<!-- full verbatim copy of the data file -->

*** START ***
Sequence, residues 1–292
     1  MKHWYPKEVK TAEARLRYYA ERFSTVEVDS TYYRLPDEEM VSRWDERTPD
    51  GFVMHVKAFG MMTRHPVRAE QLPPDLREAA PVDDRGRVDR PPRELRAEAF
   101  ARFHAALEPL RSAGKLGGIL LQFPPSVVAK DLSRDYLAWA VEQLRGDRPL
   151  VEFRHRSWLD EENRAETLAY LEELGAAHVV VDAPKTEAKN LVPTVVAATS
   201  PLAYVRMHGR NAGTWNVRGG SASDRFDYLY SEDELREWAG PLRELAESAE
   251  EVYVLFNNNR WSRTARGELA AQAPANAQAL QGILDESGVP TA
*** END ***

Sequence, residues 1–292
     1  MKHWYPKEVK TAEARLRYYA ERFSTVEVDS TYYRLPDEEM VSRWDERTPD
    51  GFVMHVKAFG MMTRHPVRAE QLPPDLREAA PVDDRGRVDR PPRELRAEAF
   101  ARFHAALEPL RSAGKLGGIL LQFPPSVVAK DLSRDYLAWA VEQLRGDRPL
   151  VEFRHRSWLD EENRAETLAY LEELGAAHVV VDAPKTEAKN LVPTVVAATS
   201  PLAYVRMHGR NAGTWNVRGG SASDRFDYLY SEDELREWAG PLRELAESAE
   251  EVYVLFNNNR WSRTARGELA AQAPANAQAL QGILDESGVP TA